EDITORIAL: Food prices are very high
VERY often the cry goes out from consumers that it is very expensive in Barbados to purchase healthy foods, both for those who want to remain healthy and other individuals who have certain health conditions.
Both the print and the electronic media are full of reports singling out specific foods which are ideal for preventing/controlling certain ailments. However, when an attempt is made to acquire such items, the costs are usually found to be exorbitant, thereby putting those same foods out of reach for the people who really need them.
This subject came up during an interview this newspaper had with James Paul, the Chief Executive Officer of the Barbados Agricultural Society (BAS). Paul is reported to have said that it is a myth that healthier foods were out of reach of the price range of most citizens. Calling it a fallacy, the BAS CEO urged ordinary Barbadians to log onto Facebook where they will find farmers selling vegetables at very reasonable prices.
Later, he reasoned that Barbadians seem to think that the “only place you can get things to eat is out of a supermarket, which has overheads”. This is akin to the belief that people should therefore shop around to look for bargains or lower cost items, an answer which many in authority have given to consumers to get around the high prices. If one really looks at it, there are not many things in Barbados that are cheap.
During a news conference which the Governor of the Central Bank of Barbados, Cleviston Haynes, held two weeks ago, it was reported that price increases slowed to 2.5 per cent (at March 31, this year) compared to 4.7 per cent a year earlier (that is March 31, 2018). What this meant was that whereas prices were up in 2018, they continued to rise (by 2.5 per cent) for the period reviewed by the Governor.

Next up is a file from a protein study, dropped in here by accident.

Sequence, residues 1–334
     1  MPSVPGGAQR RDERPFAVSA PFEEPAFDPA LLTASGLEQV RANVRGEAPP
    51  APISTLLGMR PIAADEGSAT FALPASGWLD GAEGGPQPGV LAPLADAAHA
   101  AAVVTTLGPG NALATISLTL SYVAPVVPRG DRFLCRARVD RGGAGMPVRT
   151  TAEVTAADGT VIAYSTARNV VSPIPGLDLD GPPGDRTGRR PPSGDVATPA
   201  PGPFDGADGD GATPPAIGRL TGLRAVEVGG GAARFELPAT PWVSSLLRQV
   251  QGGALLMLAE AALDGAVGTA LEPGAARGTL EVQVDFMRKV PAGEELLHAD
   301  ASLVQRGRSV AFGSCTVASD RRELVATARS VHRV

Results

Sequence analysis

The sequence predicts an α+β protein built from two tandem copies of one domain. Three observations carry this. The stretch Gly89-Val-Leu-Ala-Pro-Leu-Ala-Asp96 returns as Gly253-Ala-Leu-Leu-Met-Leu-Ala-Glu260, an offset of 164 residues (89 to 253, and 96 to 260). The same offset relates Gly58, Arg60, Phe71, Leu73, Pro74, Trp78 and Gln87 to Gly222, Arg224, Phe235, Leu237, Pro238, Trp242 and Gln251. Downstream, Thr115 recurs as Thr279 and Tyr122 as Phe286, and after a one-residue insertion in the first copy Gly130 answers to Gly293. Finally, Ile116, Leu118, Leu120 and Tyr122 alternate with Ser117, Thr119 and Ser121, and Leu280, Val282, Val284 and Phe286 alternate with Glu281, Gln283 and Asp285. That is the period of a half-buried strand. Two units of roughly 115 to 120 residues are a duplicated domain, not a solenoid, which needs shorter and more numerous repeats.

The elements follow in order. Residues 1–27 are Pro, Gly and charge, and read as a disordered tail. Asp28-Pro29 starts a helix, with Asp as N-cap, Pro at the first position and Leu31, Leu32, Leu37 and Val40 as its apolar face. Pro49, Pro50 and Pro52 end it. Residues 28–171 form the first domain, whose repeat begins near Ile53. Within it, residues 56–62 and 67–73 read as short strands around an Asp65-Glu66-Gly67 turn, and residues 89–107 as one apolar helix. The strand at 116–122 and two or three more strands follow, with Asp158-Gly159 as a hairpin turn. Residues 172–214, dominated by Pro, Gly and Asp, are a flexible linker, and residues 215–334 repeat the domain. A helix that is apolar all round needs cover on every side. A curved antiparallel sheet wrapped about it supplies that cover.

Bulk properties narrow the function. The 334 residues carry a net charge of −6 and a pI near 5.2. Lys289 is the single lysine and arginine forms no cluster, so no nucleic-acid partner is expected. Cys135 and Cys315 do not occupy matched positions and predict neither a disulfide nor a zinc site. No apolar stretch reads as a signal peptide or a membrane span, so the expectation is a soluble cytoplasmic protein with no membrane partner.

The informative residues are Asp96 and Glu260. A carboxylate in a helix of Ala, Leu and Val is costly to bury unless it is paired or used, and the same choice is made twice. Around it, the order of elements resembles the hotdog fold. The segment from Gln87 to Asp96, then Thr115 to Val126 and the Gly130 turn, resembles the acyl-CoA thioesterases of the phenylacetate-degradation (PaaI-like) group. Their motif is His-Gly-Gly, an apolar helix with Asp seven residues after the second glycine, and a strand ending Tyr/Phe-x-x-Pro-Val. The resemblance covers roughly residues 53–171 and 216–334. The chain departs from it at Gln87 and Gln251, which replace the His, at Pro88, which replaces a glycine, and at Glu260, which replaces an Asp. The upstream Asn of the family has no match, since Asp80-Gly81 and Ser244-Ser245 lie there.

One can bet that in the broad category of items making up the basket of goods used for deciding overall prices, food prices would have driven the increases in the two periods alluded to by the Governor. It is a common fact that lower income earners spend an estimated 33 per cent of their income on food.
With higher bus fares and fuel price hikes, the cost of living in Barbados will continue to increase. But the higher income groups in our midst have no such problems.
When it comes to medicines for example, several of the more popular ones prescribed for dealing with NCDs have from time to time been removed from the Drug Formulary, resulting in people having to make do with generics. The other thing is that not everyone has access to Facebook.
So these are some of the challenges which consumers and more so the lower income earners and those who want to engage in healthy diets, have to put up with. Also, there are those who do not have the comfort to shop around to seek out bargains. With bus fares having gone to $3.50, this would make it a ‘no no’ for consumers to use the public transport system to shop around while trying to find cheaper produce.
The bottom line is that prices in Barbados are high – be they food, medicines, transportation and whatever else people have to use.